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Lazy programmers should quit

GCap One Network head of music Mark Findlay has launched a scathing attack on "incredibly lazy" music programmers who rely too heavily on testing songs, saying they should "get out of radio".

Speaking at a Radio Academy music radio discussion in London last night, Findlay said some programmers in the industry were "not doing their job properly" by using music research as the basis for all their decisions. GCap Media widely uses testing to gauge how popular songs are and to determine when they are beginning to burn out.

"Any radio music programmer who is using research to tell them what records to air [in the first place] is not doing their job probably. That's an incredibly lazy approach," Findlay said.

"If they are using it to tell them what records to air they should get out of radio."

XFM network head of music Mike Walsh said music testing — although a valuable tool — should never replace gut instinct. "We have a conversation with the audience every week," he said. "Research is something that we do because we need to find out what the most valuable people in our business are thinking – the listener."

Walsh added that good research "improves gut instinct" — a benefit described by John Myer, music manager at BBC 6Music, as "the Yakult of the record business".

But the arguments in favour of testing from the radio industry were met with criticism from the music industry, which was represented on the panel by Parlophone head of radio Kevin McCabe, Epic Records managing director Nick Raphael and Leighton Woods, director of Hungry and Woods PR.

Parlophone's Kevin McCabe said of music testing: "It's the bane of my life. I can see why people use it – but it frustrates me."

Leighton Woods added: "It's the word we least like to hear when we are plugging records. Once someone tells you: 'It's not testing well', there's not a lot else you can say. Some people hide behind testing if they don't personally like something."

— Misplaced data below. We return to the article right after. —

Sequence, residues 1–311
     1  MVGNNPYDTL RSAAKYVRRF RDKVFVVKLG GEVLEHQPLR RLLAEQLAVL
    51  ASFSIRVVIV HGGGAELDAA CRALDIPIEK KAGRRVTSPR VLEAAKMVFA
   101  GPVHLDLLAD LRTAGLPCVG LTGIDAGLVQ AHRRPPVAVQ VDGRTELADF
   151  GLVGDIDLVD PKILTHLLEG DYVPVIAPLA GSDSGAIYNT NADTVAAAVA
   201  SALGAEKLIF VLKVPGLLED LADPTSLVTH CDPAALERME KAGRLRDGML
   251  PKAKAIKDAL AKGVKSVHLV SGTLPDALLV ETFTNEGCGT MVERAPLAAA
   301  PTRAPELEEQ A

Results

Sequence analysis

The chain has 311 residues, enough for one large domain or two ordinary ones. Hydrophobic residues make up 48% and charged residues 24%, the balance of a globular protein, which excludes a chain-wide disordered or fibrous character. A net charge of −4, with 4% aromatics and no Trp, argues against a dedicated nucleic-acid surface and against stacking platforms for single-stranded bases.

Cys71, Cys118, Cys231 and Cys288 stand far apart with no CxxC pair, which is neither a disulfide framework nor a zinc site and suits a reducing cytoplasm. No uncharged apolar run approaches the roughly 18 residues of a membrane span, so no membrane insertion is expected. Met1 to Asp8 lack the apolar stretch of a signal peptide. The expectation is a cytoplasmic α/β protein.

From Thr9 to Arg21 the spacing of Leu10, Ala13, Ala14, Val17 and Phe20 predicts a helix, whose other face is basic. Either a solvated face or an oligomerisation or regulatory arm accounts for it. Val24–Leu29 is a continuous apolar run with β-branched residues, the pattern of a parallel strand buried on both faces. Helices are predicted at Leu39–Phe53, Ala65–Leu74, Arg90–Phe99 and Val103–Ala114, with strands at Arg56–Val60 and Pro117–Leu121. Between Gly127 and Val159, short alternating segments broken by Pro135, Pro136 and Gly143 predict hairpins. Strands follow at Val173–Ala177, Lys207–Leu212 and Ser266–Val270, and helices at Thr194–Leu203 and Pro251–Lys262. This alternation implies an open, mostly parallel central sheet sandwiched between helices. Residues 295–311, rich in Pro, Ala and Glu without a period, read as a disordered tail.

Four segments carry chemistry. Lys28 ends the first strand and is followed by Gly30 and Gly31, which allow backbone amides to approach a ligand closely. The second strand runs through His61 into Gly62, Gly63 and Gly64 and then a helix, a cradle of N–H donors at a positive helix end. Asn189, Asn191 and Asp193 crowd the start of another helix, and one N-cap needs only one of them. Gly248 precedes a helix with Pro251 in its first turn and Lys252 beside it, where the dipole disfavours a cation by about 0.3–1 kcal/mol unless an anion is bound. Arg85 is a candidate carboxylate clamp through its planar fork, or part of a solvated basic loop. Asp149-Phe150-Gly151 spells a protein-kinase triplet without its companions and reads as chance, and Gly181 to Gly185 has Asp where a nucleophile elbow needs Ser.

Epic Records managing director Nick Raphael said research was a tool, but "if it's over-used it can have a negative effect".

But he added: "We've got to respect the fact that we've got to keep listeners."


Hit or miss?

Athlete: Wires
Nick Raphael (Epic): "I had a stand-up argument with a guy [at a research company]. He said to me: You will never get this on Radio 1 and you will never get this on Radio 2 because it's too slow, too depressing. I said I would bet him £100 that we'd do it, and the guy backed down."

Outkast: Hey Ya
Leighton Woods (Hungry and Woods PR): It was pretty much laughed out the building. If we went to radio now with Hey Ya, people who say the same thing: What the hell was that? It was probably the most negative reaction you could possibly imagine. We went back and said we really believe this is going to happen. It just clicked and ended up being the most played record in radio that year.

Michael Andrews and Gary Jules: Mad World
Nick Stewart (Captain America): That seemed to be entirely driven by radio – and nothing else. People heard it and liked it, it got played more and researched well.

Jay Z: Hard Knock Life
Nick Raphael (Epic): I signed Jay Z for £80,000. He was the king of the specialist for two whole albums. Then he played me Hard Knock Life. My exact words to him were: This will end your career, you idiot. It was a number two record in every single country, and number one in America.

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